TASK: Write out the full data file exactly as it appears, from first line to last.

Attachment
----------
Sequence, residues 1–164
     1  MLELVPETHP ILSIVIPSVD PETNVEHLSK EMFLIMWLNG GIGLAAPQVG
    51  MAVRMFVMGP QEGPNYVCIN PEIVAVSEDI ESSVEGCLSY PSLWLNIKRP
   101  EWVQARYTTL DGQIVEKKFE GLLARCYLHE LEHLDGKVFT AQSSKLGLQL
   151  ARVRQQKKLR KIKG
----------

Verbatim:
Sequence, residues 1–164
     1  MLELVPETHP ILSIVIPSVD PETNVEHLSK EMFLIMWLNG GIGLAAPQVG
    51  MAVRMFVMGP QEGPNYVCIN PEIVAVSEDI ESSVEGCLSY PSLWLNIKRP
   101  EWVQARYTTL DGQIVEKKFE GLLARCYLHE LEHLDGKVFT AQSSKLGLQL
   151  ARVRQQKKLR KIKG